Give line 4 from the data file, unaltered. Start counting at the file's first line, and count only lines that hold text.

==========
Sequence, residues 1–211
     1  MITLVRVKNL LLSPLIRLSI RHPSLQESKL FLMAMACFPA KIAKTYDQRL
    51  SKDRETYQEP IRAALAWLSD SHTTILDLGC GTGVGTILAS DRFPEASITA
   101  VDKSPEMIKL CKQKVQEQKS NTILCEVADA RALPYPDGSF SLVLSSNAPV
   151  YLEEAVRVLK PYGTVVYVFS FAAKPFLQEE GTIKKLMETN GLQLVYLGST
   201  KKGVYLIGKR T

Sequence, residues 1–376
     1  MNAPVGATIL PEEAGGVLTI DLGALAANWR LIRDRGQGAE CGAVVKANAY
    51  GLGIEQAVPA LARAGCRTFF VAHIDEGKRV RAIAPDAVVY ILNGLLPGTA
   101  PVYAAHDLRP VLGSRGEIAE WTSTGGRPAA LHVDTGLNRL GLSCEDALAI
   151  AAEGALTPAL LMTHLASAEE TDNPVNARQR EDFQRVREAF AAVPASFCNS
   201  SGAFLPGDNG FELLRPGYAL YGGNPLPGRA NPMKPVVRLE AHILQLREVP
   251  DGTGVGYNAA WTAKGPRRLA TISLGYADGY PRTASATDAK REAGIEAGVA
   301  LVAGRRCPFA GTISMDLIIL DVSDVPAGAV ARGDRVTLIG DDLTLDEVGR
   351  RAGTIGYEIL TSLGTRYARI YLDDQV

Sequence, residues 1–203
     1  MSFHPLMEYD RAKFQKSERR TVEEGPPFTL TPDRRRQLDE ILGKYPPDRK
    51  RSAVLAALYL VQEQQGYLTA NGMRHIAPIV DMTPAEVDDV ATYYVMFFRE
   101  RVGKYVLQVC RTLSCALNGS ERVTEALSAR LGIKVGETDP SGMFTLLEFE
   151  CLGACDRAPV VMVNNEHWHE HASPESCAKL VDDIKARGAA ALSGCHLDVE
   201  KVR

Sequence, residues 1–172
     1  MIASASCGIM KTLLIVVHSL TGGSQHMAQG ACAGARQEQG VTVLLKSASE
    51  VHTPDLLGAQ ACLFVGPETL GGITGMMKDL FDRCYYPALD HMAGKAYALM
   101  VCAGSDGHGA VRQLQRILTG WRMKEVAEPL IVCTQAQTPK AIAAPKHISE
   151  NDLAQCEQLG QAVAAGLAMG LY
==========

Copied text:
   101  VDKSPEMIKL CKQKVQEQKS NTILCEVADA RALPYPDGSF SLVLSSNAPV